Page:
Friday, November 02, 2007

Peak Oil - Believe It or Not

This post is inspired by a brief exchange I enjoyed with Dr. Cynthia Daniels over at the Assault on Black Folks Sanity.

The water crisis threatening Atlanta is tied to a dyad of climate change and unprecedented population growth in the Atlanta metropolitan sprawl. Sprawling, water and fuel-guzzling growth are anti-thetical to the sustainable models of urban planning and management that are required of us as a nation. Nevertheless, growth for the sake of growth remains an uppermost priority in the minds of uninformed or dissonant city politicos -
as evidenced by this gushng article about America's fastest growing cities.

It's a straight pass through of a hot fresh treatment of the subject of people's disbelief in Peak Oil that was posted today by Nate Hagens at the Oil Drum. You should click through to the Oil Drum and read it in its entirety.
Peak Oil is a very scary concept to get one's mind around. If there are arguments around the water cooler about finite resources, large depletion rates, Peak everything, etc., there very well be cognitive biases underlying these polarized opinions. In the first two parts of this series, we looked at some of the factual reasons why people disagree on the timing and importance of Peak Oil: gross versus net oil production, better technology vs depletion, productive capacity vs flow rates, differing definitions of "Peak", etc. This post will address some social and psychological reasons why the urgency of our energy situation may not be being addressed on an individual level and only at a snails pace on the governmental level. Among the phenomena we will explore are a) why we have beliefs and how they are changed, b) our propensity to believe in authority figures, c) our penchant for optimism, d) cognitive load theory, e) relative fitness, f) the recency effect, and several others. The fact is, even if the world's energy data was transparent and freely available to everyone, it would be an open question whether people would agree on any near term action to mitigate future oil scarcity. This post is a first stab at examining our cognitive belief biases. It's long, but I believe it will be well worth your time to read.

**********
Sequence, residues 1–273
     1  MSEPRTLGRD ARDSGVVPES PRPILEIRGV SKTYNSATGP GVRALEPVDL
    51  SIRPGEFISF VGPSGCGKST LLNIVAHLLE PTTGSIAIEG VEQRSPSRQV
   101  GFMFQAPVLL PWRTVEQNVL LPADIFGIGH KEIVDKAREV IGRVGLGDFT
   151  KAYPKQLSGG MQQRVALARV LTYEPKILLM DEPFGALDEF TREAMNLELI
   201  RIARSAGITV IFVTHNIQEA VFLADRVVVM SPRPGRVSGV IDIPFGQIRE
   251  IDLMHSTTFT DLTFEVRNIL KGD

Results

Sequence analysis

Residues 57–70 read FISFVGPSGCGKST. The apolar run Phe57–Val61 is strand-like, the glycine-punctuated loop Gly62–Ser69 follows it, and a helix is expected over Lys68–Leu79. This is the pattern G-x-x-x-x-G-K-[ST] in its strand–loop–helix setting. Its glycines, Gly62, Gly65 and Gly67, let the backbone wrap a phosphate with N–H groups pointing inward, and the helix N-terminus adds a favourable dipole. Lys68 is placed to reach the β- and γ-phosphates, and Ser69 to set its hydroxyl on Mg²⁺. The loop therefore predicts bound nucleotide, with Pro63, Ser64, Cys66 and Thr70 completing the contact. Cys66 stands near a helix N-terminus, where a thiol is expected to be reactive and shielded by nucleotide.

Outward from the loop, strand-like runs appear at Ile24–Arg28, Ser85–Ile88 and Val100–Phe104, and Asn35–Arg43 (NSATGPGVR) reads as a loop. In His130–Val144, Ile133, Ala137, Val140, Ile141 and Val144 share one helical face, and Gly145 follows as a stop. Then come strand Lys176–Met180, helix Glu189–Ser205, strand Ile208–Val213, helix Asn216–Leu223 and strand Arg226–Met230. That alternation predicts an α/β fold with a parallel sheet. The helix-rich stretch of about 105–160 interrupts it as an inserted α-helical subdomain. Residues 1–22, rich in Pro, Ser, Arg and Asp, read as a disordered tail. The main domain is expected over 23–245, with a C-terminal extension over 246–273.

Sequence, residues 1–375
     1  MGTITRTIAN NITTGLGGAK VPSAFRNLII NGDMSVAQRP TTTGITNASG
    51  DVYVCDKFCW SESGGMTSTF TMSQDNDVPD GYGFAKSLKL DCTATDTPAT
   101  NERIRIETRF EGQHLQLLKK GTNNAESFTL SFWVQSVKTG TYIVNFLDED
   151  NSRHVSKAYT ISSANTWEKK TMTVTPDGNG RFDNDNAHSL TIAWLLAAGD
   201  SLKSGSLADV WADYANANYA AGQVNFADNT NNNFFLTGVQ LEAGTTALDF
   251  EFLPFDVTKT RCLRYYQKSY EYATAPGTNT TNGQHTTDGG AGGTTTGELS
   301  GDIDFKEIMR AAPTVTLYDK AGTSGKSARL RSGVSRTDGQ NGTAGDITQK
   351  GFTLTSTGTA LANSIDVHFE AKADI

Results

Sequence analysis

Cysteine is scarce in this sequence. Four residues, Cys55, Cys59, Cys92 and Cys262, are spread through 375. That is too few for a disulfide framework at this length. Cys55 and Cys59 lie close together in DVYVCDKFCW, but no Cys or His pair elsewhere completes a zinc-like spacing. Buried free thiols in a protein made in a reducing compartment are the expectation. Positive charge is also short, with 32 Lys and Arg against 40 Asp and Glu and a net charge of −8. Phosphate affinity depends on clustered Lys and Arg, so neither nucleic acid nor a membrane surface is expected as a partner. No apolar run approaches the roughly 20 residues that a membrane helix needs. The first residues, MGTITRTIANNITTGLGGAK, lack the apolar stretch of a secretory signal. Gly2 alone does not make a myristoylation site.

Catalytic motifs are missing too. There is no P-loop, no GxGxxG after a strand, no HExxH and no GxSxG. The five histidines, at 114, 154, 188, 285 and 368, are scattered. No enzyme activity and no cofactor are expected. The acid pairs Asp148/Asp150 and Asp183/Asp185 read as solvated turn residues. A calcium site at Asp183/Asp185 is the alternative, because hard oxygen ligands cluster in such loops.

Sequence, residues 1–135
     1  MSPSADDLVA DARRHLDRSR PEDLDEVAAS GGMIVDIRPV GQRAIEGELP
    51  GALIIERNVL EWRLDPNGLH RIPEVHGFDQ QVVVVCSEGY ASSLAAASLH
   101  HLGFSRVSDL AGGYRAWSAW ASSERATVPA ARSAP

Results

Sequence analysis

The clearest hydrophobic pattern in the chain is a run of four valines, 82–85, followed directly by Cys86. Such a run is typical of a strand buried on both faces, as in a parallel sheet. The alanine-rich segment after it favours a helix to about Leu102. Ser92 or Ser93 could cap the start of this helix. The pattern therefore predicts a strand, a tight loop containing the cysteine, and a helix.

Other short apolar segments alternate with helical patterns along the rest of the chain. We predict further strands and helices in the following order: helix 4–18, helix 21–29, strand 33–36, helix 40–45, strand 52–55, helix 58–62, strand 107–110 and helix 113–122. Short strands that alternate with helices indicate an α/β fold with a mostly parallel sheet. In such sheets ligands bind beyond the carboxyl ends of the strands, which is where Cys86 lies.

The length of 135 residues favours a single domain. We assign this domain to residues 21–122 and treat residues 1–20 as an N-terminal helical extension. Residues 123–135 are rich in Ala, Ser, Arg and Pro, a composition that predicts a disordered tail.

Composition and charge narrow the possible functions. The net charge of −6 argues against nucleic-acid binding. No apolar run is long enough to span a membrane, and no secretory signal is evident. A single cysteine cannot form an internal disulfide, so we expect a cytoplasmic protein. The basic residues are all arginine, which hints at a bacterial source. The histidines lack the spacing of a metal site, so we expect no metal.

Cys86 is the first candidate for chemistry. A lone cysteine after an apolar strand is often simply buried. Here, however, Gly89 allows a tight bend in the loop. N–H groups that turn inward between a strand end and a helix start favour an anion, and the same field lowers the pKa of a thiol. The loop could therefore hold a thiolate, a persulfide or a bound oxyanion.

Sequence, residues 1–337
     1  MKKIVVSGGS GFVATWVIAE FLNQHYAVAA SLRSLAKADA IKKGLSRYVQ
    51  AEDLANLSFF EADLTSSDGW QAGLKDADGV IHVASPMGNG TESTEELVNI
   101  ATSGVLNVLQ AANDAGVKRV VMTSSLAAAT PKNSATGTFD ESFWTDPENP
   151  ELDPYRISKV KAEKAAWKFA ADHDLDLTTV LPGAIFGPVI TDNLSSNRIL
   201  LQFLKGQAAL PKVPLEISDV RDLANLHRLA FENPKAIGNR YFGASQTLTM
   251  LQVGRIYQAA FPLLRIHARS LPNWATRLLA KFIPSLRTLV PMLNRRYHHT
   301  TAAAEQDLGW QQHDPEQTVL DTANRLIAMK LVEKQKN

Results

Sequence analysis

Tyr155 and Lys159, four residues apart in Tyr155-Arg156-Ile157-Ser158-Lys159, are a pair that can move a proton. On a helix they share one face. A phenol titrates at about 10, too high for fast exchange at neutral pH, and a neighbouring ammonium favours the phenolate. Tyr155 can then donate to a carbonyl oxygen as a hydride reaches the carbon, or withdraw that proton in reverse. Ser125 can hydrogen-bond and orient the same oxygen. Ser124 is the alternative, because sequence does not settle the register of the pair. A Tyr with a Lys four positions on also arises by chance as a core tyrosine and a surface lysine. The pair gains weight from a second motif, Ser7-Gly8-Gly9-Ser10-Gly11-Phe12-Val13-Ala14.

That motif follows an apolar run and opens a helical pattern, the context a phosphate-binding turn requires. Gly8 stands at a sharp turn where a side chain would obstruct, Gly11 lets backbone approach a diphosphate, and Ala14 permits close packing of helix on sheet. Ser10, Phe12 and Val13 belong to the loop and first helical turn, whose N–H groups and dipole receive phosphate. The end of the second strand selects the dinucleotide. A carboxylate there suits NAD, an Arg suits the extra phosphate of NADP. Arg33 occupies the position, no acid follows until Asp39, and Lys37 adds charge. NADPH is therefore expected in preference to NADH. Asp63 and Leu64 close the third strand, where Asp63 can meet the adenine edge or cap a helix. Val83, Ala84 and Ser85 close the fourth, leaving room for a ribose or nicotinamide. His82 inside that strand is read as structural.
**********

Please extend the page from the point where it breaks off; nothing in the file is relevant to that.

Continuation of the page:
Of course I love the serendipity of Hagen's updated treatment of this subject and my recent meditations on group think...., enjoy.


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